Nothstine: North Carolinians less deserving of constitutional carry?

Photo credit: Jason Gillman.

Despite its popular “First in Freedom” moniker, one issue North Carolina is lagging on is broadening Second Amendment protections. Over a dozen states have scrapped the requirement for concealed carry permits, while other states have recently liberalized various restrictions on carrying firearms. North Carolina already allows for open carry without a permit. Vermont, one of the most politically liberal states, has allowed for permit less concealed carry for over 200 years. North Dakota became the latest to pass constitutional carry Friday, and “live Free or Die” New Hampshire made it the law last month.Twenty other states, including North Carolina, have legislation pending to enact constitutional carry. Taking notice of North Carolina’s slow pace to expand an inherent right, Rep. Larry Pittman (H.B. 69) and Rep. Chris Millis (H.B. 201) have introduced two different versions of constitutional carry bills. Millis’s bill is the more aggressive version, scrapping the outdated pistol purchase permits, but both would go a long way to modernize North Carolina’s gun laws.With the growth of government, especially at the federal level, many rights have been constricting, particularly religious liberty protections. However, this has not been true of the right to keep and bear arms. Several recent Supreme Court rulings have expanded gun rights, pushing states with more restrictive laws to play catch-up. And despite former President Barack Obama’s constant agitating for increased firearm restrictions, popular support for the Second Amendment is on a long, sustained upswing.Two state legislative bodies, Missouri and West Virginia, have recently overridden vetoes by Democratic governors to make constitutional carry the law of the land. Even a certain veto by Gov. Roy Cooper should only act as a minor obstacle if Republicans and some Democrats are serious about strengthening Second Amendment protections.Permit courses and certification will still be invaluable for offering reciprocity to North Carolinians in other states. The permit remains an essential class for new handgun owners and those in need of learning the state’s firearm laws. Proponents of constitutional carry rightly point out that simply covering a firearm with a jacket should not make something that is legal illegal. If Pittman’s bill becomes law, a state concealed carry permit is still required for citizens who wish to bypass the county pistol permit process. Those who are barred from carrying or purchasing handguns will remain unable to do so under either bill.Constitutional carry proposals often ignite media hysteria likening it to the “Wild West,” or at least the Hollywood version and not the reality. But states that enact the legislation are generally much safer than states with more restrictive firearm laws. After all, North Carolinians who are legally allowed to own a firearm can walk with one or carry it in plain view.While urban enclaves sometimes show more resistance to firearm freedoms, the Second Amendment has robust support in rural America. Per the Carolina Population Center at UNC Chapel Hill, besides Texas, North Carolina’s rural population is larger than any other state. And of the 10 largest states, North Carolina has the largest proportion of citizens living in rural areas. And because millions of rural residents frequently exercise their firearm rights without incident, it’s more naturally viewed as an inherent right and a crime deterrent. Most citizens in the state know that there is no increased danger in crime from law abiding citizens carrying firearms.At a deeper level, many tend to think that it is government that grants rights to citizens or that the government is more moral that its citizenry. That thinking desperately needs to be inverted. North Carolinians should be asking their government: “Why do people in other states qualify for broader protections of a right that the American Founders thought to elevate as superseding government?” It’s time to align North Carolina to reflect the original meaning and intent in the Bill of Rights, or for legislators to explain why North Carolinians are less deserving of those rights.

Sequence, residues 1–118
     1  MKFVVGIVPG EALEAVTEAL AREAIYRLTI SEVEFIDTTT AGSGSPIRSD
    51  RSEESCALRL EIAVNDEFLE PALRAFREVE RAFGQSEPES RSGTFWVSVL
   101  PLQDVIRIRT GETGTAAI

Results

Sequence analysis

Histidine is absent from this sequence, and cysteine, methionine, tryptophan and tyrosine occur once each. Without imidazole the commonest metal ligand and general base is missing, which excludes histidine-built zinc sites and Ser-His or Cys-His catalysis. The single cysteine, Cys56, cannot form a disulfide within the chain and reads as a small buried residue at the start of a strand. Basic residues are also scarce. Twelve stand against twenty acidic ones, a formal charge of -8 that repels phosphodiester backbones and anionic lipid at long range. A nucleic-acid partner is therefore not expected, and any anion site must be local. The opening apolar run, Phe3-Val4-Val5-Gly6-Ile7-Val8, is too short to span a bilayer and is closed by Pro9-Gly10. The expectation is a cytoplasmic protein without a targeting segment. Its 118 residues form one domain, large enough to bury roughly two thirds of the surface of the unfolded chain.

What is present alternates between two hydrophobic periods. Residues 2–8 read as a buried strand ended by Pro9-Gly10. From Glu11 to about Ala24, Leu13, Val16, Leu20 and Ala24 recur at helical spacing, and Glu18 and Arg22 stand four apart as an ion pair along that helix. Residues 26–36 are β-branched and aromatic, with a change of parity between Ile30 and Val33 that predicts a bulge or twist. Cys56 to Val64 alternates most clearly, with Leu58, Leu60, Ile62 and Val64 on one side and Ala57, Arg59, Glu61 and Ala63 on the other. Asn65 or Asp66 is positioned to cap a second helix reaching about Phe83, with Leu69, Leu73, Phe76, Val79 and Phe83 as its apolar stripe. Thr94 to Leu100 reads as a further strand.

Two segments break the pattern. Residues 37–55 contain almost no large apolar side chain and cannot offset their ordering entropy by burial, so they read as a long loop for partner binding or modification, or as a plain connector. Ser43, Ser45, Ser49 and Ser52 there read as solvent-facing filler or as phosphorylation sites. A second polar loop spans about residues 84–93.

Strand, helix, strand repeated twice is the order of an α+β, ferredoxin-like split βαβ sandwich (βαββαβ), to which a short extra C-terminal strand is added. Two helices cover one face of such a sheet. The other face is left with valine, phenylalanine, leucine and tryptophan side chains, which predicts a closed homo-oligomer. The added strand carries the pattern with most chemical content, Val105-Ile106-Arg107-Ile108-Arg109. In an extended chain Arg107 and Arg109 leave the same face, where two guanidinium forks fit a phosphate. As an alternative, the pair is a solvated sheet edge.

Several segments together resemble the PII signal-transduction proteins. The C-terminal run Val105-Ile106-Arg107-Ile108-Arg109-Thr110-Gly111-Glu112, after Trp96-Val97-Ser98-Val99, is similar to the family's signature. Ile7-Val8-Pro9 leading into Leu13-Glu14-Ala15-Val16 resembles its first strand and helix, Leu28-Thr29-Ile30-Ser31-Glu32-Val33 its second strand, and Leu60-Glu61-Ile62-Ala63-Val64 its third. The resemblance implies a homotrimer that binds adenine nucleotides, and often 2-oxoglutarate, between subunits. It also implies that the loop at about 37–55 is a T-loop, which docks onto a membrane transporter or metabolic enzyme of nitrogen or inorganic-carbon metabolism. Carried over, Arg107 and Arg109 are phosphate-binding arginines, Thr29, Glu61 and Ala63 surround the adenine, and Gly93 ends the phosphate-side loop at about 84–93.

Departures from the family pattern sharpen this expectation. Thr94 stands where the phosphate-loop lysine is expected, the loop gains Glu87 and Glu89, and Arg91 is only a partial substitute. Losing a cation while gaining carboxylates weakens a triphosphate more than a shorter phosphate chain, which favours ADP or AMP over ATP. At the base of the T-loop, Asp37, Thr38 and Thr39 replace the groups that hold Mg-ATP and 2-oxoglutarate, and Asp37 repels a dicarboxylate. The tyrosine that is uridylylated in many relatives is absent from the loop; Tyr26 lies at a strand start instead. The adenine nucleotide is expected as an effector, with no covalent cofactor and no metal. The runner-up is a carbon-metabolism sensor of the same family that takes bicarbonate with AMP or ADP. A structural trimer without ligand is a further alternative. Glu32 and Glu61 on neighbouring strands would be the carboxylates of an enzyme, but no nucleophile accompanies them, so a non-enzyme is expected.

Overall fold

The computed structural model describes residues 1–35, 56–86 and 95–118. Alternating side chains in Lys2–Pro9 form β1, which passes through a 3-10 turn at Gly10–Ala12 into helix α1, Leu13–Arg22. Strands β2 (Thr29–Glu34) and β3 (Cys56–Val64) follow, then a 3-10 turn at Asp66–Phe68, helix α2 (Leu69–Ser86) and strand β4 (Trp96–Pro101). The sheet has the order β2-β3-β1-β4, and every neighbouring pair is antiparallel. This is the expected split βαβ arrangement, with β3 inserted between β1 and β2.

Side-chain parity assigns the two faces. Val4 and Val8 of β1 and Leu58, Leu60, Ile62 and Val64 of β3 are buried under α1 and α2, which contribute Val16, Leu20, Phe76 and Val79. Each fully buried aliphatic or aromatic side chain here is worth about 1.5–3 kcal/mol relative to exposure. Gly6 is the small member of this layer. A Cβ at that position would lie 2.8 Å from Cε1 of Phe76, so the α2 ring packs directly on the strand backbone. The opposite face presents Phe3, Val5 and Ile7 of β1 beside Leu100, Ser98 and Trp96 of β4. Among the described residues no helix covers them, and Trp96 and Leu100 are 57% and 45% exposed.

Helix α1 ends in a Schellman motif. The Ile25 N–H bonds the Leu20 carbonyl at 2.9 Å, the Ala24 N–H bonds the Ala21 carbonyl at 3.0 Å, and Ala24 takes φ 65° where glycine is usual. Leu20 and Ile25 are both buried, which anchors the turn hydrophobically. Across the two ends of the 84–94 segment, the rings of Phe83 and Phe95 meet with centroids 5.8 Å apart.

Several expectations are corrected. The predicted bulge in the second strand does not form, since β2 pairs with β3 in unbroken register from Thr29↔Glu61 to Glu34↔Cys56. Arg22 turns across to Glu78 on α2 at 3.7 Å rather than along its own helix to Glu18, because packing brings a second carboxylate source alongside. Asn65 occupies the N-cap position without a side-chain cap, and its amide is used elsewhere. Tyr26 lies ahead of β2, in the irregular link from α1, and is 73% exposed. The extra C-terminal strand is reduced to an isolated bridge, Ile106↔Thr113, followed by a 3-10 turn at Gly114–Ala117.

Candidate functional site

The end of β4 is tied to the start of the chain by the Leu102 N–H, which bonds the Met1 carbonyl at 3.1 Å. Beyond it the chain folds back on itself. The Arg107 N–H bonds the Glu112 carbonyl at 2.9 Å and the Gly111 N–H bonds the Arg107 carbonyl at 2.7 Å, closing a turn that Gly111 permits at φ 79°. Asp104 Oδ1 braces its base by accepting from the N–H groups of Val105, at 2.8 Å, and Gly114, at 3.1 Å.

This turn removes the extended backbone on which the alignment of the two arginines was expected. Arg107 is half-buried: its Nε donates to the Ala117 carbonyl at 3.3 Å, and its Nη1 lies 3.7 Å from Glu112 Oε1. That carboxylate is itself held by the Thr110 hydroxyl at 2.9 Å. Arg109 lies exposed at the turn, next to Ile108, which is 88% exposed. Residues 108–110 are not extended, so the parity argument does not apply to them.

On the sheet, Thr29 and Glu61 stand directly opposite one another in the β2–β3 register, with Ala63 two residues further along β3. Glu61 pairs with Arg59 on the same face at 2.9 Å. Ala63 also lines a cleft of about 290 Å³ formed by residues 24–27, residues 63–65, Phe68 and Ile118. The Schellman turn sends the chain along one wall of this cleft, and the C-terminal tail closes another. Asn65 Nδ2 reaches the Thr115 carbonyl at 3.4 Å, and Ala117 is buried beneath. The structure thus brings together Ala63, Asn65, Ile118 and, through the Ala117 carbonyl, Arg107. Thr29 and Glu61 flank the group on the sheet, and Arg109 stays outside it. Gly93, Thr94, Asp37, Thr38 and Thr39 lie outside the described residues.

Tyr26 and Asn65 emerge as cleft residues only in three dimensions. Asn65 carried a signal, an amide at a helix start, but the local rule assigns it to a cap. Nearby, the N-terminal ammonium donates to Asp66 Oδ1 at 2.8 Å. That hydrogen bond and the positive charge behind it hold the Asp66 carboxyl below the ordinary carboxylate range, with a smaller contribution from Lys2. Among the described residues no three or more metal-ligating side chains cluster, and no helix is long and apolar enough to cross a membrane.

Ray Nothstine is a member of the North State Journal’s editorial board, separate from the news staff. Unlike other newspapers, the North State Journal does not publish unsigned editorials; the author or authors of every editorial, letter, op-ed, and column is prominently displayed. To submit a letter or op-ed, see our submission guidelines.